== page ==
Search theory routinely assumes that decisions about the acceptance/rejection of job offers (and, hence, about labor market movements between jobs or across employment states) are made by individuals acting in isolation. In reality, the vast majority of workers are somewhat tied to their partners—in couples and families—and decisions are made jointly. This paper studies, from a theoretical viewpoint, the joint job-search and location problem of a household formed by a couple (e.g., husband and wife) who perfectly pools income. The objective of the exercise, very much in the spirit of standard search theory, is to characterize the reservation wage behavior of the couple and compare it to the single-agent search model in order to understand the ramifications of partnerships for individual labor market outcomes and wage dynamics. We focus on two main cases. First, when couples are risk averse and pool income, joint search yields new opportunities—similar to on-the-job search—relative to the single-agent search. Second, when the two spouses in a couple face job offers from multiple locations and a cost of living apart, joint search features new frictions and can lead to significantly worse outcomes than single-agent search.
Subject (JEL): E24 - Employment; Unemployment; Wages; Intergenerational Income Distribution; Aggregate Human Capital; Aggregate Labor Productivity, J64 - Unemployment: Models, Duration, Incidence, and Job Search, and J61 - Geographic Labor Mobility; Immigrant Workers
Creator: Guvenen, Fatih and Kuruscu, Burhanettin Series: Staff report (Federal Reserve Bank of Minneapolis. Research Department) Number: 427 Abstract:
In this paper, we construct a parsimonious overlapping-generations model of human capital accumulation and study its quantitative implications for the evolution of the U.S. wage distribution from 1970 to 2000. A key feature of the model is that individuals differ in their ability to accumulate human capital, which is the main source of wage inequality in this model. We examine the response of this model to skill-biased technical change (SBTC), which is modeled as an increase in the trend growth rate of the price of human capital starting in the early 1970s. The model displays behavior that is consistent with several important trends observed in the US data, including the rise in overall wage inequality; the fall and subsequent rise in the college premium, as well as the fact that this behavior was most pronounced for younger workers; the rise in within-group inequality; the stagnation in median wage growth; and the small rise in consumption inequality despite the large rise in wage inequality. We consider different scenarios regarding how individuals’ expectations evolve during SBTC. Specifically, we study the case where individuals immediately realize the advent of SBTC (perfect foresight), and the case where they initially underestimate the future growth of the price of human capital (pessimistic priors), but learn the truth in a Bayesian fashion over time. Lack of perfect foresight appears to have little effect on the main results of the paper. Overall, the model shows promise for explaining a diverse set of wage distribution trends observed since the 1970s in a unifying human capital framework.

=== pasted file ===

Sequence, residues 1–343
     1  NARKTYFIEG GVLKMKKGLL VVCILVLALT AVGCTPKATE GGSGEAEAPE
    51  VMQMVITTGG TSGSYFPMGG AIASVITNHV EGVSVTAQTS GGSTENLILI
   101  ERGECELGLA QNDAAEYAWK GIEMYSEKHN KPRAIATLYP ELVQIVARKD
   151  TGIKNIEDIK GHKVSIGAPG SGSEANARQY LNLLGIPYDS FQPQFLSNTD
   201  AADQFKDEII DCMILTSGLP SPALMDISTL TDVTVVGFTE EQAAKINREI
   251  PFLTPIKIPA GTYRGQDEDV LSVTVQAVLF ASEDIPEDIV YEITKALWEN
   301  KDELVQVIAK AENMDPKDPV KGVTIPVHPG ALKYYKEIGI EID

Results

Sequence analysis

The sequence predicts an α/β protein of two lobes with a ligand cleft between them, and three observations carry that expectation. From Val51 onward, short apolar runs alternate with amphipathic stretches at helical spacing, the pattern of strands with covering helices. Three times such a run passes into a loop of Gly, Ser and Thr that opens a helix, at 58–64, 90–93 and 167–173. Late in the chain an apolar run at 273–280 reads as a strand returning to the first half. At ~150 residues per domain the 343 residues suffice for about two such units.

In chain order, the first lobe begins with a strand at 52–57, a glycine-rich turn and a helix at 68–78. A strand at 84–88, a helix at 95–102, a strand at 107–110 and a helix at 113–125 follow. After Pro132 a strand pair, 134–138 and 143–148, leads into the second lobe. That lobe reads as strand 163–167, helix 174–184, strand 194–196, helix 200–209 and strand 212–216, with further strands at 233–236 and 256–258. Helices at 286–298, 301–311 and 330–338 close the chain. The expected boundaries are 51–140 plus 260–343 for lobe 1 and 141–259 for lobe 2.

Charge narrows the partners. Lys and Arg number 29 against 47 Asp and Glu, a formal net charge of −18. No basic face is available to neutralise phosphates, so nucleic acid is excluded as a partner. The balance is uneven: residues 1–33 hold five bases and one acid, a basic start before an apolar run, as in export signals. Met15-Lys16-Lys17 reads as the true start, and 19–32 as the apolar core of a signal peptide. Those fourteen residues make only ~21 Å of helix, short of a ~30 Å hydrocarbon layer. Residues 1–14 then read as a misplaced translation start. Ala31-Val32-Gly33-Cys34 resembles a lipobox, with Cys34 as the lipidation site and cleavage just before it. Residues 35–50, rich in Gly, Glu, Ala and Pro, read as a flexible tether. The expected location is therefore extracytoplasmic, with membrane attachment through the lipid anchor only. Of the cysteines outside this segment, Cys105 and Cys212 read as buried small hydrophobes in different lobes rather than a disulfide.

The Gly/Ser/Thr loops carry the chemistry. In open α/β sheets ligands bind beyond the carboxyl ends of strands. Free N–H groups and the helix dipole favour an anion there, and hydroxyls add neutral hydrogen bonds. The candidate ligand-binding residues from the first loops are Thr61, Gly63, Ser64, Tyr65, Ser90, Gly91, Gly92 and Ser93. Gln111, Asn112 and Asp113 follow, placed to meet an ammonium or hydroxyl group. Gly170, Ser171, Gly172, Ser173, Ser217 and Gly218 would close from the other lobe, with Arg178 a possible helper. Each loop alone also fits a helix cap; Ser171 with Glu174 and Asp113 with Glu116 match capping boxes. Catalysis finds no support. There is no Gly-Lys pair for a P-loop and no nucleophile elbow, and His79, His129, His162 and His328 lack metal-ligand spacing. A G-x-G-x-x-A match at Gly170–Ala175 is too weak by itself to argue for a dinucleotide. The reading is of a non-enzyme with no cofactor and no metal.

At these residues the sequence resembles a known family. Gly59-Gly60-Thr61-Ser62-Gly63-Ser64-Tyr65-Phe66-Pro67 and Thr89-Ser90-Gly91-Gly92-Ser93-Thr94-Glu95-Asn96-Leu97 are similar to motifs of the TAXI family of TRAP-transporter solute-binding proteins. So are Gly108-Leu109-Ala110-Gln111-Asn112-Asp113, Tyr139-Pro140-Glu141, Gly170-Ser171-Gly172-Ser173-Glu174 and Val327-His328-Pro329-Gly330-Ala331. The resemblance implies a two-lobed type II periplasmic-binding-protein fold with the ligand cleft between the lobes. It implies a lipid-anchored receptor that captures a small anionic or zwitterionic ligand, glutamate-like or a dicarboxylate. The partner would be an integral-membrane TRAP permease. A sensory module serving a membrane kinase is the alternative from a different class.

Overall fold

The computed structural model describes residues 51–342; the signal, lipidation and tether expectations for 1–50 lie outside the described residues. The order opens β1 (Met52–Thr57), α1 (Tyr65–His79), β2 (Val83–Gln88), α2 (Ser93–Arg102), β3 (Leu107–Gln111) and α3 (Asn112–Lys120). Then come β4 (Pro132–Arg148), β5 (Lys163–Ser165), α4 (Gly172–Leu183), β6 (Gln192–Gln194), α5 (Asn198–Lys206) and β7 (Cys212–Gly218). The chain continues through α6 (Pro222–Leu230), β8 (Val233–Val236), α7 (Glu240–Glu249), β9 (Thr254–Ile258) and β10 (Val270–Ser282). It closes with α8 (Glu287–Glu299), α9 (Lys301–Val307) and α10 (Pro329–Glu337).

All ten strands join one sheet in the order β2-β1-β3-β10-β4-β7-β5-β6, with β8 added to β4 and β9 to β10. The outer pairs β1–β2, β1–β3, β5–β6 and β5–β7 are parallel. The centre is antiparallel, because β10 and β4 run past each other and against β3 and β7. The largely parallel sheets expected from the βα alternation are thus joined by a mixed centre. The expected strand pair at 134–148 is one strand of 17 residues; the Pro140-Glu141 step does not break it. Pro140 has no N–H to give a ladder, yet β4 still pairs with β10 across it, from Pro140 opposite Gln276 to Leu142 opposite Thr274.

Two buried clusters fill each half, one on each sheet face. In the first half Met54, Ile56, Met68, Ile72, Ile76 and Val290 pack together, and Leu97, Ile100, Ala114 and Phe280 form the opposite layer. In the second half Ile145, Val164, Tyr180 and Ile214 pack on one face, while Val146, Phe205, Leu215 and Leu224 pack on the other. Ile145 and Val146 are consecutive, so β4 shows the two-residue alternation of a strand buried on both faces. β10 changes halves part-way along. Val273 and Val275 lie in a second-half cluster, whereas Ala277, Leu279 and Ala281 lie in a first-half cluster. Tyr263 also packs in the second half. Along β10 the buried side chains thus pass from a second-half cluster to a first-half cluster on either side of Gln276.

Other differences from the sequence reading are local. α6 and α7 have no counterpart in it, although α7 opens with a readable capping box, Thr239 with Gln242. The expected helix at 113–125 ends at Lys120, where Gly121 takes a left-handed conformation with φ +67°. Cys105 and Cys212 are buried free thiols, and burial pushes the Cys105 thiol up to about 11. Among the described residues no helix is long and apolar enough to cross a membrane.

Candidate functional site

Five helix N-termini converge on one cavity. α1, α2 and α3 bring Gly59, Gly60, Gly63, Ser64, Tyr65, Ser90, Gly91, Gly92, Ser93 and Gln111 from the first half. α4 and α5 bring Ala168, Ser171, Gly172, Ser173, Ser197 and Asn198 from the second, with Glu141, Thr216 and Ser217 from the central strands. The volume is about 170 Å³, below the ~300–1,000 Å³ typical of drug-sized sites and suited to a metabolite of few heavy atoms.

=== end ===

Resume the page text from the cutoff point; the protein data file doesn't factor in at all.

Subject (JEL): J24 - Human Capital; Skills; Occupational Choice; Labor Productivity, E25 - Aggregate Factor Income Distribution, J31 - Wage Level and Structure; Wage Differentials, and E21 - Macroeconomics: Consumption; Saving; Wealth
Creator: Beauchemin, Kenneth Ronald Series: Staff report (Federal Reserve Bank of Minneapolis. Research Department) Number: 493 Abstract:
This paper describes recent modifications to the mixed-frequency model vector autoregression (MF-VAR) constructed by Schorfheide and Song (2012). The changes to the model are restricted solely to the set of variables included in the model; all other aspects of the model remain unchanged. Forecast evaluations are conducted to gauge the accuracy of the revised model to standard benchmarks and the original model.
Keyword: Bayesian Vector Autoregression and Forecasting Subject (JEL): C11 - Bayesian Analysis: General, C32 - Multiple or Simultaneous Equation Models: Time-Series Models; Dynamic Quantile Regressions; Dynamic Treatment Effect Models; Diffusion Processes; State Space Models, and C53 - Forecasting Models; Simulation Methods